Health Promotion and Disease Prevention in Vulnerable and Diverse Populations

Running head: WINDSHIELD SURVEY 1

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Windshield Survey

Learner’s Name

Capella University

Health Promotion and Disease Prevention in Vulnerable and Diverse Populations

Windshield Survey

May, 2017

 

 

 

 

 

 

 

 

 

WINDSHIELD SURVEY 2

Windshield Survey

This paper addresses the question of diversity in health care by focusing on the health

risks and health care needs of those living in East Harlem, New York. The paper will first

provide an overview and statistical information about the population demographics of the East

Harlem community. It will then discuss the findings from a recent windshield survey of the

community. From this information, the demographic changes for the minority population in the

community will be explained. This will be followed by a description of health risks and health

care needs for the minority population and an examination of the prevalence and impact of

different illnesses on the same population. Finally, there will be an explanation of the health

disparities and the social determinants of health that can affect the vulnerable population in this

community.

An Overview of East Harlem

East Harlem, also called Spanish Harlem or El Barrio is home to many immigrant

communities including one of the largest Hispanic communities in New York City with a

population of nearly 120,000. It also has a small Italian-American population. The majority of

the population is Hispanic (50%), and the rest of the population consists of African-Americans

(31%), whites (12%), and Asians (6%). The median age in the East Harlem community ranges

from 25–44 years. Around 22% of the population is between 0 and 17 years of age, and 12% of

the population is more than 65 years old. The average life expectancy of people in this

community is 76 years.

Surveillance Survey of the East Harlem Community

A windshield survey will provide a detailed picture of the people living in the area (New

York City Department of Health and Mental Hygiene [NYCDOHMH], 2015).

Comment [A1]: Great intro! This lets the reader know exactly what to

expect in the paper.

Comment [A2]: You did a nice job of describing the overall

neighborhood.

 

 

WINDSHIELD SURVEY 3

Housing. Around 76% of the homes in East Harlem are renter-occupied homes with one

or more maintenance defects; that include water leaks, the presence of mice or rats, cracks and

holes in the wall, inadequate heating, peeling paint, and toilet breakdowns. The community

consists of residents from a low socioeconomic background and cannot afford better housing.

Open Space. According to a study by the group New Yorkers for Parks, East Harlem has

1.2 acres of open space for every 1,000 residents, which is less than the recommended minimum

of 2.5 acres. Adequate open space allows children to play and exercise and offers parks for

relaxation which can improve the physical health of children and aging seniors.

Pollution. Unfortunately, East Harlem has a high concentration of fine particulate

matter—one of the harmful air pollutants in New York City. Air pollution is a leading cause of

health issues for people in East Harlem, especially among children, senior residents, and those

with preexisting health issues such as asthma and other respiratory ailments (NYCDOHMH,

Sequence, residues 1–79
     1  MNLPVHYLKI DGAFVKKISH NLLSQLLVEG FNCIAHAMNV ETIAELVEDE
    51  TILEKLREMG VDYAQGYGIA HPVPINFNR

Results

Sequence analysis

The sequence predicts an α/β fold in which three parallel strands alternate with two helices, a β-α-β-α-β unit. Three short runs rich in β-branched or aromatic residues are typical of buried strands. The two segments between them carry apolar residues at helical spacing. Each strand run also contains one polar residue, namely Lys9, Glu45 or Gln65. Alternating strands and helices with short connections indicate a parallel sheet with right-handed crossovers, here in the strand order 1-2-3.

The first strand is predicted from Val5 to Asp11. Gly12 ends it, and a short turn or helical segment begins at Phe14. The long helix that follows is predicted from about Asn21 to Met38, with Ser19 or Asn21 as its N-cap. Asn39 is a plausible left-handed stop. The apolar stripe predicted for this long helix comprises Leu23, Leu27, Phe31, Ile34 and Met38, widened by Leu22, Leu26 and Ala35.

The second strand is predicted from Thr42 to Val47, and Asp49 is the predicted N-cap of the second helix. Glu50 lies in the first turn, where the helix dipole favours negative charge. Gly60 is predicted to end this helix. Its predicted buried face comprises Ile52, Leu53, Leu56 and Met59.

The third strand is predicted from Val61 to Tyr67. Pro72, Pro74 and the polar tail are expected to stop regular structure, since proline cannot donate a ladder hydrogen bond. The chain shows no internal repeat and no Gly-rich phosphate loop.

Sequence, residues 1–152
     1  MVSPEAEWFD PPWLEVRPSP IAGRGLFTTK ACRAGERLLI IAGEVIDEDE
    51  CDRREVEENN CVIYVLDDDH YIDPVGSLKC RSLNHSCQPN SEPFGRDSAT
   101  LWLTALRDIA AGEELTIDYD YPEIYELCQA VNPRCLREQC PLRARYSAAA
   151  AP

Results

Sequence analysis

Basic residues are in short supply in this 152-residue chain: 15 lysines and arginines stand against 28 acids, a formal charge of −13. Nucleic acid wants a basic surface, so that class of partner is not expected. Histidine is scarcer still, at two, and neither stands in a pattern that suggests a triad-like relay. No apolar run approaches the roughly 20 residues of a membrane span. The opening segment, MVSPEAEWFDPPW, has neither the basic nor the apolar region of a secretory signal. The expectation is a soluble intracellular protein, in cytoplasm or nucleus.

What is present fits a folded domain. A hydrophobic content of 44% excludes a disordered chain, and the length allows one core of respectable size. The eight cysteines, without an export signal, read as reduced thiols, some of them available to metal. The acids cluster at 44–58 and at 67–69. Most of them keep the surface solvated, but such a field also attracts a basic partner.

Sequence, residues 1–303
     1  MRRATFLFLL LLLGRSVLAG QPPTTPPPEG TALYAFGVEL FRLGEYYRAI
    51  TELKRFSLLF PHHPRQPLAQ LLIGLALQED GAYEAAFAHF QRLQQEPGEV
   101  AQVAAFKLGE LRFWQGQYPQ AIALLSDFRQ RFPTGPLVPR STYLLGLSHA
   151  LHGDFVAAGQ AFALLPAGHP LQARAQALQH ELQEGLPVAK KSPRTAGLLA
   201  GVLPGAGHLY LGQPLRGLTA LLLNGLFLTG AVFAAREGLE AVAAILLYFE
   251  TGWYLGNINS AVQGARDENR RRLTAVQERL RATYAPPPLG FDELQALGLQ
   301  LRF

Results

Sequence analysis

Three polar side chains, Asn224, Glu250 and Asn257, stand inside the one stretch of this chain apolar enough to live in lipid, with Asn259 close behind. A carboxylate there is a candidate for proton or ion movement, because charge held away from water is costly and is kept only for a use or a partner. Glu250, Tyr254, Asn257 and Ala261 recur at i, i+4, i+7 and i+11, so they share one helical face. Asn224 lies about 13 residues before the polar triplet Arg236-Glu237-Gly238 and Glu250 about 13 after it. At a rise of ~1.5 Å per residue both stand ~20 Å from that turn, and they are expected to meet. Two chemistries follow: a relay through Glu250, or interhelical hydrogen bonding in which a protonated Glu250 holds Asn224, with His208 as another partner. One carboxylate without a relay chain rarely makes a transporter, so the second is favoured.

2015).

Education. The neighborhood has many private, public, and charter schools. However,

an acute lack of resources in school and poor family life cause a majority of children to drop out

of school at an early age. Therefore, East Harlem consists of a substantial section of adults (26%)

who have not graduated from high school.

Culture and religion. From the first wave of Italian immigrants in the 19th century to

the tidal wave of musicians in the “mambo era,” East Harlem has set the stage for arts and

culture for over a hundred years. Because of its Italian-American population, East Harlem is still

influenced by southern Italian food, tradition, and ceremony. East Harlem has residents who are

followers of different religions ranging from Christianity and Islam to Scientology, and they have

their own places of worship in the area.

 

 

WINDSHIELD SURVEY 4

Health services. East Harlem has several health centers in its community. Even with the

presence of these health centers, the residents of East Harlem do not have easy access to health

care primarily because they come from low-income families and lack health insurance.

Transportation and businesses. East Harlem has a wide range of business institutions,

one of the most famous being the East Harlem Chamber of Commerce. East Harlem is also

known for its well-run public transit system.

Hispanic Culture in East Harlem

East Harlem is a predominantly Hispanic neighborhood, due to immigration of Puerto

Ricans, Latin, South, and Central Americans. About a third of the Hispanic populations in East

Harlem are college graduates, while approximately 26% of the population has not finished high

school. These subgroups face barriers due to lack of language fluency. This language barrier can

lead to miscommunication and prevent Hispanic populations from accessing important health

education material and regular medical care, which in turn make them a vulnerable population

(NYCDOHMH, 2015).

Demographic Changes in East Harlem

Hispanics and black residents comprise 81% of the population in this area, with about a

quarter of the residents being foreign-born. Around 31% of the residents in East Harlem live